UPOV (International Union for Protection of Plant Varieties)


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UPOV is an international union for protection of plant varieties. This presentation lets the students understand the basics of UPOV in brief.

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UPOV (International Union for Protection of Plant Varieties)

  2. 2. WHAT IS UPOV? • The International Union for the Protection of New Varieties of Plants, known as “UPOV,” is an intergovernmental organization with headquarters in Geneva. The acronym UPOV is derived from the French name of the organization, Union internationale pour la protection des obtentions végétales. • The mission of UPOV is to provide and promote an effective system of plant variety protection, with the aim of encouraging the development of new varieties of plants, for the benefit of society.
  3. 3. WHAT IS ORIGIN OF UPOV ? • UPOV has been established by the International Convention for the Protection of New Varieties of Plants (the “UPOV Convention”), which was signed in Paris in 1961. The Convention entered into force in 1968. It was revised in Geneva in 1972, 1978 and 1991. The 1991 Act entered into force on April 24, 1998. Reference to the UPOV Convention in this document means the 1991 Act.
  4. 4. WHAT IS THE PURPOSE OF THE UPOV CONVENTION? • To ensure that the members of the Union acknowledge the achievements of breeders of new varieties of plants, by granting to them an intellectual property right, on the basis of a set of clearly defined principles.
  5. 5. ELIGIBILITY FOR UPOV To be eligible for protection, varieties have to be • Distinct from existing, commonly known varieties, • Sufficiently Uniform or Homogeneous, • The trait or traits unique to the new variety must be stable so that the plant remains true to type after repeated cycles of propagation and • New or Novel in the sense that they must not have been commercialized prior to certain dates established by reference to the date of the application for protection.
  6. 6. WHAT DOES UPOV DO ? • Harmonization of laws and practices of protection system of member countries. • Establish detail set of general principles for conduct of examination of plant varieties for distinctness, uniformity and stability. • Making arrangements whereby one member conducts test for others or one member accepts the result produced by others as the basis for granting plant breeder’s right , leading to low cost to member countries for protection system operation and a plant breeder can enforce the right on his/her variety in all member countries.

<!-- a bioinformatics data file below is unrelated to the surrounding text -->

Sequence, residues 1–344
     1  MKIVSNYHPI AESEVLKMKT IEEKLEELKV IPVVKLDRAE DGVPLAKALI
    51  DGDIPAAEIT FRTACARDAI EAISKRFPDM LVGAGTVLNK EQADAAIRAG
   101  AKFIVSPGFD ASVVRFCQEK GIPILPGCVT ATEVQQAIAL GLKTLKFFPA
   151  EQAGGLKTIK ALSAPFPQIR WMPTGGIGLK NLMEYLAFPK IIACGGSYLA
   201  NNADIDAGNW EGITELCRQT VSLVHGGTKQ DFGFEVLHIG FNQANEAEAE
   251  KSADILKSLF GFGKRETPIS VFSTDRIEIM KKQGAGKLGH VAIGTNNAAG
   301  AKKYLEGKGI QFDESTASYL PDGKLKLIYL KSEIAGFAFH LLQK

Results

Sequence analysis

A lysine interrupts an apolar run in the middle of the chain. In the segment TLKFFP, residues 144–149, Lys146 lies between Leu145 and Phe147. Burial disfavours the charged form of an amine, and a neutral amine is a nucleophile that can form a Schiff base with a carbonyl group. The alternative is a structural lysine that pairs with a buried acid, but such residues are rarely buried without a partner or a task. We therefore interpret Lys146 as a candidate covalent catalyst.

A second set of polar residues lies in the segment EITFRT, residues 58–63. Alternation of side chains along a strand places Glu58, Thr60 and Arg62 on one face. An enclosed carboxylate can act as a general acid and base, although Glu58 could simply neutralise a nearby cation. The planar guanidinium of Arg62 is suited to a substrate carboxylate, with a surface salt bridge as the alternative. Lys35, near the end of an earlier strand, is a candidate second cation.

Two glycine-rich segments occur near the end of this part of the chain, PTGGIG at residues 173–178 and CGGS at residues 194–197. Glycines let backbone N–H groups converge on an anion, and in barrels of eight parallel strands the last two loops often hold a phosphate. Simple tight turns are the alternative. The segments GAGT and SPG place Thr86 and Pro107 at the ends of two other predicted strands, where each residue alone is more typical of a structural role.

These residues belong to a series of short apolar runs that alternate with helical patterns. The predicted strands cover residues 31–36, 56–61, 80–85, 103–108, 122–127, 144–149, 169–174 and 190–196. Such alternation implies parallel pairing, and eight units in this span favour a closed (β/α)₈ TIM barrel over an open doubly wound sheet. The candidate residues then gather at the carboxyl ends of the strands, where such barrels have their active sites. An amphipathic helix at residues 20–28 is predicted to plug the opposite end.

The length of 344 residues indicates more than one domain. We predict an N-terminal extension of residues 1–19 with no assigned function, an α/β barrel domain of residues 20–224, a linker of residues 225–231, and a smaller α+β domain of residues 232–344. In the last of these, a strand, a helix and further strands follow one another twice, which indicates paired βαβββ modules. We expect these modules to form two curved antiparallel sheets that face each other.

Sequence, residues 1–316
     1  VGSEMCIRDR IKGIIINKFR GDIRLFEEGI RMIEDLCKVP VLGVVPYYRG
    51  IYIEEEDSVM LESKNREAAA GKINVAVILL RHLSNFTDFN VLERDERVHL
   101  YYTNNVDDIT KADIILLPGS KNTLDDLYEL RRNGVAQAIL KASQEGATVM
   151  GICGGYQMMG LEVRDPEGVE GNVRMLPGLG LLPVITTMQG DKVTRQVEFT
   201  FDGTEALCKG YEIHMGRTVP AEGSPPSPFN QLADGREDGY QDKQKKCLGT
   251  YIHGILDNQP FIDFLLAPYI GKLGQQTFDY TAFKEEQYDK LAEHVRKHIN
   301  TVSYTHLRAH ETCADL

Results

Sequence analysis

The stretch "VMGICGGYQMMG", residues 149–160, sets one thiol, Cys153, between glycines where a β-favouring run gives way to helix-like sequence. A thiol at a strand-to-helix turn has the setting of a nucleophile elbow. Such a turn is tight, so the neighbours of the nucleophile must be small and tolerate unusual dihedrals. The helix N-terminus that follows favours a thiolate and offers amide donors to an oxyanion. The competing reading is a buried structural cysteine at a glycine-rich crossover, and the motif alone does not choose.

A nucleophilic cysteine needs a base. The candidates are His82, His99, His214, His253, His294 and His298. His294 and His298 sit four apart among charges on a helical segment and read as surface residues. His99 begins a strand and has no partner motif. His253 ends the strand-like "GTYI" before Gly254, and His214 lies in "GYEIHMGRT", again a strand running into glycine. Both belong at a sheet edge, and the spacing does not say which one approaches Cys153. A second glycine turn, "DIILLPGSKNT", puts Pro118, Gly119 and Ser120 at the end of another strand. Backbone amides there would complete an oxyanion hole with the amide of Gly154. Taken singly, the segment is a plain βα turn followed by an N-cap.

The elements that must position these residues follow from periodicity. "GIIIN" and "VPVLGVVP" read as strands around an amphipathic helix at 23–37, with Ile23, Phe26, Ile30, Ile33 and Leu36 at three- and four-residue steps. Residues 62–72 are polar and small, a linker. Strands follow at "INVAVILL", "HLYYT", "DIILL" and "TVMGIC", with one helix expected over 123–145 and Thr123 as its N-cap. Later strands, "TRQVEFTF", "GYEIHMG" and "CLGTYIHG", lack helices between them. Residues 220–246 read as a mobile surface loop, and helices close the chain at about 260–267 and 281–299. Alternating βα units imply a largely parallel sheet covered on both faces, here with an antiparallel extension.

7. 7. GOVERNANCE AND MANAGEMENT • • • • One representative from each country. Council meets once in a year. One member-one vote. Office or Secretariat of UPOV is directed by Director General of WIPO.
  8. 8. System of Protection • A breeder can apply for rights for a new variety in any union member country, and can file in as many countries as desired without waiting for a result from previous applications. • Protection only applies in the country in which it was granted, so there are no reciprocal protections unless otherwise agreed by the countries in question. • There is a right of priority, and the application date of the first application filed in any country is the date used in determining priority.
  9. 9. CONTINUED • The rights conferred to the breeder are similar to those of copyright in the United States, in that they protect both the breeder's financial interests in the variety and his recognition for achievement and labor in the breeding process. • The breeder must authorize any actions taken in propagating the new variety, including selling and marketing, importing and exporting, keeping stock of, and reproducing. • This means that the breeder can, for example, require a licensing fee for any company interested in reproducing his variety for sale. The breeder also has the right to name the new variety, based on certain guidelines that prevent the name from being deliberately misleading or too similar to another variety's name.
  10. 10. Continued Breeder's Exemption Clause, No necessity to take permision from Breeder, for the use of a protected variety where those rights interfere in the use of the variety for a private individual's nonmonetary benefit, or the use of the variety for further research. For example, the breeder's rights do not cover the use of the variety for subsistence farming, though they do cover the use of the variety for cash crop farming. • To use a protected variety for experimental purposes, or for breeding other varieties, as long as the new varieties are not "essentially derivative" of the protected variety.[6]
  11. 11. CONTINUED • The breeder's right must be granted for at least 20 years from grant date, except in the case of varieties of trees or vines, in which case the duration must be at least 25 years.
  12. 12. MEMBER COUNTRIES OF UPOV • As of December 2012, the following 71 countries were members of UPOV:[2] Albania, Argentina, Australia, Austria, Azerbaijan, Belarus, Belgium, Bolivia, Brazil, Bulgaria, Canada, Chile, the People's Republic of China, Colombia, Costa Rica, Croatia, Czech Republic, Denmark, Dominican Republic, Ecuador, Estonia, European Community,[3] Finland, France, Georgia,[4] Germany, Hungary, Iceland, Ireland, Israel, Italy, Japan, Jordan, Kenya, Kyrgyzstan, Latvia, Lithuania, Macedonia, Mexico, Moldova, Morocco, Netherlands, New Zealand, Nicaragua, Norway, Oman, Panama, Paraguay, Peru, Poland, Portugal, Republic of Korea, Romania, Russian Federation, Serbia, Singapore, Slovakia, Slovenia, South Africa, Spain, Sweden, Switzerland, Trinidad and Tobago, Tunisia, Turkey, Ukraine, United Kingdom, United States of America, Uruguay, Uzbekistan, and Viet Nam.[5]